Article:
Philip Morris the tobacco producer also posted quarterly profits well above expectations while also raising its full year forecast.
On the data front there was more good news with US weekly jobless claims coming in at their lowest level since 1969, the same year as the moon landings.
Comcast appears to have thrown in the towel on acquiring 21st Century Fox, instead choosing to focus on Sky instead as it looks to gain access to the lucrative European market. While this seems a sensible decision given concerns over a bidding war with Disney, the Sky assets are probably worth less given that it wouldn’t have access to the Disney catalogue in the event Disney just acquires the Fox assets.
The US dollar has made another one year high in the wake of Fed chief Jerome Powell’s recent comments to US lawmakers, rising across the board, helped by the latest weekly jobless claims figure coming in at its lowest level since 1969, which has helped push US 2 year yields above 2.6%, a 10 year high, as markets increasingly price in significantly higher US rates in the short term.
The US dollar has also continued to rise against the Chinese yuan amid suspicions that the Chinese are deliberately letting their currency slide in order to mitigate some of the damage that might be caused as a result of an escalation in the trade war with the US.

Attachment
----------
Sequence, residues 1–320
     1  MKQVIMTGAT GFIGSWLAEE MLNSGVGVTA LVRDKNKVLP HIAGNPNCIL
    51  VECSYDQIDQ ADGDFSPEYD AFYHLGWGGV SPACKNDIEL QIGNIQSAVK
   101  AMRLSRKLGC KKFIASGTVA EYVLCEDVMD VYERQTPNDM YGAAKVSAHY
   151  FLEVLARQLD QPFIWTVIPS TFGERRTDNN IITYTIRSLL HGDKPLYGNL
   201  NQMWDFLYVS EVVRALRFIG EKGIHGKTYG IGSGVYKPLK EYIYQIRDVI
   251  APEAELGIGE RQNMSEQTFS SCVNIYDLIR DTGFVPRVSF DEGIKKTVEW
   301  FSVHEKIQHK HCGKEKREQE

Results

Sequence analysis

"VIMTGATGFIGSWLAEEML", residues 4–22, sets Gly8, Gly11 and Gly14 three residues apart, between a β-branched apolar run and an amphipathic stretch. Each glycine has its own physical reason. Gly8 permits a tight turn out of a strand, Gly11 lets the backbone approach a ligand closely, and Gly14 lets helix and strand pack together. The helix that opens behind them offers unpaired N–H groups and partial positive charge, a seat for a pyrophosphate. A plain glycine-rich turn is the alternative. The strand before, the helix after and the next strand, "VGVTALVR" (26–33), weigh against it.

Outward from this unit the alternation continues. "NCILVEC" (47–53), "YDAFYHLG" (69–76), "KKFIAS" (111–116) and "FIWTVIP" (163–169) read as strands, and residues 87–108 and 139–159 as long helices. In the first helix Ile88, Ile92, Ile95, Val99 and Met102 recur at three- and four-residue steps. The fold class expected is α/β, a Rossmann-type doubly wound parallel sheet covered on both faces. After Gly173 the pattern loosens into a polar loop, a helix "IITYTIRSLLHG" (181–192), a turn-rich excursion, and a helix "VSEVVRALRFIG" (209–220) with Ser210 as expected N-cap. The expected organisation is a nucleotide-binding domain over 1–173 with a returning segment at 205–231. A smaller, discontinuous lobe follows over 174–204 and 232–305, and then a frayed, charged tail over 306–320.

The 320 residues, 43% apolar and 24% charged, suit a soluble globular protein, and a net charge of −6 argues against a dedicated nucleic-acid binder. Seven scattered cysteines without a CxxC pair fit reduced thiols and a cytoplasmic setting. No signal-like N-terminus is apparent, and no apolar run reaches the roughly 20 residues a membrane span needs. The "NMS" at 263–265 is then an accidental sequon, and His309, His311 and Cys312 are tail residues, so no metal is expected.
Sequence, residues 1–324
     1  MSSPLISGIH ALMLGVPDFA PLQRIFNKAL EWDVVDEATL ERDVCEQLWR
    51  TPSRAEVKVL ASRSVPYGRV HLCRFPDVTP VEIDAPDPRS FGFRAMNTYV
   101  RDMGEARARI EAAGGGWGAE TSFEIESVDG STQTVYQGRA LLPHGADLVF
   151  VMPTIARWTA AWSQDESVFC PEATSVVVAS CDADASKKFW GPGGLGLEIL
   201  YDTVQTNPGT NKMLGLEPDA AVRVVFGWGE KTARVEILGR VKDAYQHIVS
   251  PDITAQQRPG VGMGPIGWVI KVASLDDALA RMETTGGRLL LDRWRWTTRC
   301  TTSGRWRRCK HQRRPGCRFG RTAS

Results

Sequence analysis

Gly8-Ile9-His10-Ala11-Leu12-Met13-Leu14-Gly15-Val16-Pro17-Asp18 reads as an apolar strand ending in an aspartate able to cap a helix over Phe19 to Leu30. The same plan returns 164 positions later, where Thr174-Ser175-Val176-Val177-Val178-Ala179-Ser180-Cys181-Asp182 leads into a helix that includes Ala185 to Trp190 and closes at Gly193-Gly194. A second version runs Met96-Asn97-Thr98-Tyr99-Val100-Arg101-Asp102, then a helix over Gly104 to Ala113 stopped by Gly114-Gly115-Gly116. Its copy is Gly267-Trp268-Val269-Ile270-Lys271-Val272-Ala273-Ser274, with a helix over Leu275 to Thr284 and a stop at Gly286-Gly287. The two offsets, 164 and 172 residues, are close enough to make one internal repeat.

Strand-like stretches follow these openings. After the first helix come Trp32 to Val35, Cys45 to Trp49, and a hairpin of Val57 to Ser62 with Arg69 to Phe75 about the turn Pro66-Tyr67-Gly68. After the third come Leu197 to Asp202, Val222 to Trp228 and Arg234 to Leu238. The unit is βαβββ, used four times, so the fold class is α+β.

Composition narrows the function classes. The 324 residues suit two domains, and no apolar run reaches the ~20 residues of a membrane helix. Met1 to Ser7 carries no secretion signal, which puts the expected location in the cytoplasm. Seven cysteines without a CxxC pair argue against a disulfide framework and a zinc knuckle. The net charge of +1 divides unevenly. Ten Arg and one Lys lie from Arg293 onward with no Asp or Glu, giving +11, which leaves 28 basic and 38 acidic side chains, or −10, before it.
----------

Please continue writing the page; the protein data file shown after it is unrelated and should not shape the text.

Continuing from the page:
The strength of the US dollar has also seen the pound slide further to new 10 month lows below 1.3000, despite a week of economic data that has been more good than bad. The political risk premium in owning sterling has risen in recent days as a result of the increasing political gridlock at the top of UK government with respect to the Brexit negotiations.
The latest UK retail sales numbers for June rounded off a quarter where we saw a significant improvement in UK consumer spending in April and May, though the June numbers fell short despite a football World Cup boost for food, drink and big screen TV’s which wasn’t enough to manifest itself into the headline numbers from the ONS this morning. The latest data showed that June retail sales came in at -0.5%, a number that appears to diverge from a number of other surveys that showed an increase in consumer spending in June.
The weakness of today’s numbers has also thrown some added shade on whether the Bank of England will look to raise rates in two weeks’ time, though it’s unlikely any decision will be swayed by a single data point, which means we may still see a rate move, unless politics intervene in the interim.
The surging US dollar has seen commodity prices slide sharply, with copper prices hitting a one year low on rising concerns over further trade escalations between the US and China.
Oil prices on the other hand appear to be edging back higher again after Saudi Arabia appeared to indicate that it was reaching the limits of its spare capacity, and wasn’t prepared to pump any faster on expectations that it expected to see substantial stock draws in the second half of the year, and that it expected August exports to decline.
This is likely to be bad news for President Trump if he wants to keep a lid on US gasoline prices, ahead of the US midterms in November. If prices continue to edge off their recent lows expect to hear more about a possible Strategic Petroleum Reserve (SPR) release by US officials in an attempt to keep US prices below $70 a barrel.
Gold prices have also remained under pressure, with rising yields taking the shine off the precious metal.